Queueing theory is good for some of Brooks' goals, and control theory for others, but both are usually taught as dependent on a huge array of earlier mathematics. Queues could be taught as a toolbox approach rather than intense probability and statistics, but then I'm not sure how useful they'd really be. (Kind of like differential equations are today, or were when I was an undergrad.) Basic control theory tends to be taught as a toolbox, but it still requires comfort with imaginary numbers and Fourier/Laplace/Z transforms, which are usually backed up with some calculus.
Isn't a "new kind of math" what Wolfram was trying to do with Cellular Automata? One of my favorite sci fi authors has CA replacing calculus as the end of the math sequence, but I'm not convinced we're anywhere near that yet.
Posted Mar 27, 2006 9:57:49 AM | link
Didn't Wolframs "A New Kind of Science" already propose exactltly the system he's mentioning?
Posted Mar 27, 2006 12:40:40 PM | link
An article titled "The Biology of Cognition" by Humberto Maturana is probably one of the most important writings on the epistemology of biological systems. Any mathematical theory of biological behaviour must first be premised upon a root metaphor that is *not* computational, but biological. I strongly suggest sludging through this (rather cryptic) article for anyone that takes biological systems theory seriously.
Posted Mar 27, 2006 2:26:23 PM | link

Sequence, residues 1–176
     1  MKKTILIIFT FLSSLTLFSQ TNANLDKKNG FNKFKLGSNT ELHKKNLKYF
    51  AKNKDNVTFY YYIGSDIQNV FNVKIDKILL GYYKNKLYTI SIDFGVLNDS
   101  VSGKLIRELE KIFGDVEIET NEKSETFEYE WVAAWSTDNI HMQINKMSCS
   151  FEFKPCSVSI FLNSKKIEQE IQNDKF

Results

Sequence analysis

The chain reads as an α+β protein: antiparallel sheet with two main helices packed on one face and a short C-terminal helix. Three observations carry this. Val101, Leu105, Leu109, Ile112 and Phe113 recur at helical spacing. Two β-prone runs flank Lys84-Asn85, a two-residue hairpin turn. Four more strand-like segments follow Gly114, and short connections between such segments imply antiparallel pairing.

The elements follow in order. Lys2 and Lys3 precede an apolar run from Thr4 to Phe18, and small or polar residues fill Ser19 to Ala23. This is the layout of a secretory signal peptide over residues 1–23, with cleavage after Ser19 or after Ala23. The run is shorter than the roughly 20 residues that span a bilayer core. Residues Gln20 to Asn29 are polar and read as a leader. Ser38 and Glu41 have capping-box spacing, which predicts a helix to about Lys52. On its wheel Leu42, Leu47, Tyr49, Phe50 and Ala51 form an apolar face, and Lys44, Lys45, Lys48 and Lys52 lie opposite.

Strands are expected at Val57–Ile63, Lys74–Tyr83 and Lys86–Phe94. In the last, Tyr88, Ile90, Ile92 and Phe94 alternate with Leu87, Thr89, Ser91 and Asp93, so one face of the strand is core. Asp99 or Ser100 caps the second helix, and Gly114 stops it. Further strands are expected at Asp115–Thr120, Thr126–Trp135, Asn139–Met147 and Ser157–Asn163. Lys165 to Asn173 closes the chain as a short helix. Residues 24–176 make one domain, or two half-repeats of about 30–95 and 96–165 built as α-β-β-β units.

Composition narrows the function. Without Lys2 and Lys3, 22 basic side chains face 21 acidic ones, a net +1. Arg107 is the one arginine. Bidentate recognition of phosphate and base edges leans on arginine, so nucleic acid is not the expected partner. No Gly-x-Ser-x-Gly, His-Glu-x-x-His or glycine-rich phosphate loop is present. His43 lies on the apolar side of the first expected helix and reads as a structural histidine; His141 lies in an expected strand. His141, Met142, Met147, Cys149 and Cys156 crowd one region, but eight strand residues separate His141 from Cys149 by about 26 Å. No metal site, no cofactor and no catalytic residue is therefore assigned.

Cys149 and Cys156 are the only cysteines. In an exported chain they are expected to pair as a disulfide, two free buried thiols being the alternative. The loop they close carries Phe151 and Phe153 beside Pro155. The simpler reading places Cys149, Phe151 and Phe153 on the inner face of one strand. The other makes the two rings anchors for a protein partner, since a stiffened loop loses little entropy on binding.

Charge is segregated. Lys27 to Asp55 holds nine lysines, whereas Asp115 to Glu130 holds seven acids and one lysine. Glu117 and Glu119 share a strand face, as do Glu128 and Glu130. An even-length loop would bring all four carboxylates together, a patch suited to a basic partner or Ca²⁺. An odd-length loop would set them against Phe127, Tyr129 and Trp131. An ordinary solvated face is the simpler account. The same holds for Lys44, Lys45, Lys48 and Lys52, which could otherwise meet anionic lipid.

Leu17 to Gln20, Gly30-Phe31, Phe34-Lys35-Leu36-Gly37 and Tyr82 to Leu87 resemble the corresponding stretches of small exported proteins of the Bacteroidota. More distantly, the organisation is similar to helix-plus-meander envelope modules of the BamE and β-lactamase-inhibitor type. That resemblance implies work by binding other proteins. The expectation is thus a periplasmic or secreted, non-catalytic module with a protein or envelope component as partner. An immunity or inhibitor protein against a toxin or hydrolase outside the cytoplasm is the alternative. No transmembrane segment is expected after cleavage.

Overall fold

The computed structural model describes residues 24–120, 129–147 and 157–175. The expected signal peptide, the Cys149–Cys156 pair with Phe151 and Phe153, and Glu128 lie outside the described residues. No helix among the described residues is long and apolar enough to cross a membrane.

woops. forgot a link to the article: http://www.enolagaia.com/M70-80BoC.html
Posted Mar 27, 2006 2:26:55 PM | link
There do seem to be echos of Wolfram's proposals in the essay. And wasn't Wolfram also blasted pretty hard at the time for lifting his work without attributing Schmidhuber and others?
Regardless, I question whether the same goals can be reached by teaching theory and application of Bayesian Networks. This quote came out of a discussion we were having on my blog regarding Genetic Algorithms, Neural Networks and Bayesian Networks (for a different purpose than the subject here):
Way to low level. PNN's are likely good for modelling the low level dendrite-axon firing of neurons.
But what are the neurons doing? They are making predictions. What is the best statistical framework for making predictions? BN's are. It is very likely that collections neurons are implementing BN's (conveys a survival advantage).
I'm not convinced teaching CA should be a high priority given some very serious deficiencies in first-principals mathematics and sciences (not to mention language-arts). I definitely resist the notion that higher maths can taught in any useful fashion without first mastering dependent or related basics. We should endeavor to create mathematical *thinking*, not just mechanised doing.
Posted Mar 27, 2006 3:57:38 PM | link
"Any mathematical theory of biological behaviour must first be premised upon a root metaphor that is *not* computational, but biological."
Computational: The act or process of computation
Computation: To determine by mathematics
So what you're saying, is that we must create a paradox, by constructing a tautology? :)
I'm not entirely certain, but to me this looks like a view that ignores the ability of forms of mathematics and computation to deal with non-determinism. Either that, or it sounds a bit like saying that the base metaphor for the math of architecture lies in buildings. But then, I'm a mathematician, to me, mathematics is about taking any problem and then abstracting it - the math of abstract algebra isn't obviously connected to codes ("how can algebra deal with rotating keys?") when you first start, but it is when you understand them both and get further in.
Posted Mar 30, 2006 7:15:50 AM | link